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WASHINGTON—When House Speaker Nancy Pelosi recently said health care reform legislation soon would be sent to the House floor for a vote, she described the upcoming action as a “historic moment.”
Speaking on the U.S. Capitol steps, Speaker Pelosi, D-Calif., said the House would “deliver on the promise of making affordable, quality health care available for all Americans, laying the foundation for a brighter future for generations to come.”
Employers also may view the legislation, which the House was expected to begin considering and possibly vote on over the weekend, as historic, but for different reasons. That is because provisions embedded in the 1,990-page bill could:
c Remove employers' longstanding ability to design health care plans without the government telling them what benefits they must offer and the cost-sharing limitations they can impose.
c Prohibit employers offering health care plans to retirees from reducing benefits unless they make comparable reductions for active employees.
c Require employers to extend COBRA health care continuation coverage years longer than they ever anticipated.
c Penalize employers offering generous health care plans because they don't immediately extend coverage to new employees.
c Eliminate employers' tax break, set in a 2003 law, for offering prescription drug coverage equal to Medicare Part D.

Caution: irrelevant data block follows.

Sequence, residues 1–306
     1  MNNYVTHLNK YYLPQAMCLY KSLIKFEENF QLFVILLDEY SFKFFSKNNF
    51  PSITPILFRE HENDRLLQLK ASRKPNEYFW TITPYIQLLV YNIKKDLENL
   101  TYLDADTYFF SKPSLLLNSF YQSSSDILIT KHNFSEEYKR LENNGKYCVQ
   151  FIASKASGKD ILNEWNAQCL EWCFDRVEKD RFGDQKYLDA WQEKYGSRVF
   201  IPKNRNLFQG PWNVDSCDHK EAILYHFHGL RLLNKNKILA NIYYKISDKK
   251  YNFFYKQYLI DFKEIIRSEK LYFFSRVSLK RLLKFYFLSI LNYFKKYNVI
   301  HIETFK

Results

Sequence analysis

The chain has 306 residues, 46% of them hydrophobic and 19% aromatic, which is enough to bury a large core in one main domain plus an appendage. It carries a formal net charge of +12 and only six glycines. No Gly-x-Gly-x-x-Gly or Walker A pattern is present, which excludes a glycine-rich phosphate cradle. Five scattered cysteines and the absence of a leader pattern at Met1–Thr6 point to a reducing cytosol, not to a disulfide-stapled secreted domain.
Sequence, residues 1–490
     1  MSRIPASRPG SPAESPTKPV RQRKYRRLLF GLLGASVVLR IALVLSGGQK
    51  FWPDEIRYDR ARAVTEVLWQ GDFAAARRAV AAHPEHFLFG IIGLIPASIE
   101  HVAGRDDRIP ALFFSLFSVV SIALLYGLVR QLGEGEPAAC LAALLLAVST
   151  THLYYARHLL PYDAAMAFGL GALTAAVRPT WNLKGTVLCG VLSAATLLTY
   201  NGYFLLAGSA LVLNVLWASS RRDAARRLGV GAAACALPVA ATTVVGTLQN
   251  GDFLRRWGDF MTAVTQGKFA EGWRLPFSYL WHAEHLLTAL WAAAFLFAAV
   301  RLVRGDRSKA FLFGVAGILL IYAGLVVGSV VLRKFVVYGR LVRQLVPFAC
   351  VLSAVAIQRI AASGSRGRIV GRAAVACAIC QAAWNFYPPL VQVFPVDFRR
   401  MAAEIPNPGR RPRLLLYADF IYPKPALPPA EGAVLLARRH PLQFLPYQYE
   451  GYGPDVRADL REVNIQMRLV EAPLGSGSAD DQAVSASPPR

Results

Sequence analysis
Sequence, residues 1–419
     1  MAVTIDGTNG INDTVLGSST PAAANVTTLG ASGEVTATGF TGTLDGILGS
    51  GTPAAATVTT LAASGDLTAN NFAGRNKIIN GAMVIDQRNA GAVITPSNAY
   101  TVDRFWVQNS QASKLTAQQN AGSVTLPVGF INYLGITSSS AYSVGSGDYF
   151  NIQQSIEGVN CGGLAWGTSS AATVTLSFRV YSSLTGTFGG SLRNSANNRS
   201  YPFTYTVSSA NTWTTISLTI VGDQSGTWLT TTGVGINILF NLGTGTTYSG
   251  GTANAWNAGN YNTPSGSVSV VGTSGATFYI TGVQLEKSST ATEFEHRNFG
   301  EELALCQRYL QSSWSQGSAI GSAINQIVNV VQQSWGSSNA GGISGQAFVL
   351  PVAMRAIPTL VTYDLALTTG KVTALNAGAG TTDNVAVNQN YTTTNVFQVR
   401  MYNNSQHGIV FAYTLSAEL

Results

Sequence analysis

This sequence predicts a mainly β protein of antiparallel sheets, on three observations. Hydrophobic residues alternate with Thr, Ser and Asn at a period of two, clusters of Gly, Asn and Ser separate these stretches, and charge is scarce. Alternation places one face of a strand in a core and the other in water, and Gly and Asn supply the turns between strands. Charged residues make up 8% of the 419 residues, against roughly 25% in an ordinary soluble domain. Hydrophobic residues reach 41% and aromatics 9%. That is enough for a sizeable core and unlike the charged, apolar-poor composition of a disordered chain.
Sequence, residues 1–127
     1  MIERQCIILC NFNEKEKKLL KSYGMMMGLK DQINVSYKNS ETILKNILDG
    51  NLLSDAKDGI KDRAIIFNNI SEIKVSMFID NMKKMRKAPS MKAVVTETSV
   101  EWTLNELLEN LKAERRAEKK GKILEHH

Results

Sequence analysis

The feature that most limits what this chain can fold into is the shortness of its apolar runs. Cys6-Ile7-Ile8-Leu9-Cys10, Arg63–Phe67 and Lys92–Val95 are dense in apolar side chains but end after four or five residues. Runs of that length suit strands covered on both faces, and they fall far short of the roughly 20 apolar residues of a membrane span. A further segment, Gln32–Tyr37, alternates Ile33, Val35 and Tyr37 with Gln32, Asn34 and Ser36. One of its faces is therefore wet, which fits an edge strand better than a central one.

Taken together, these and other provisions in the legislation should have “employers jumping up, kicking and screaming,” said Chantel Sheaks, a principal with Buck Consultants L.L.C. in Washington.
“What's in reform for large employers? There is a lot of downside and not much upside,” said Steve Raetzman, a senior consultant with Watson Wyatt Worldwide in Arlington, Va.
Still, there is much uncertainty on the final shape of health care reform legislation. In the Senate, for example, Democratic leaders last week had not completed a compromise bill drawn from measures passed earlier by Senate committees.
In fact, Senate Majority Leader Harry Reid, D-Nev., last week said he didn't know if the Senate would complete action on reform legislation by year-end.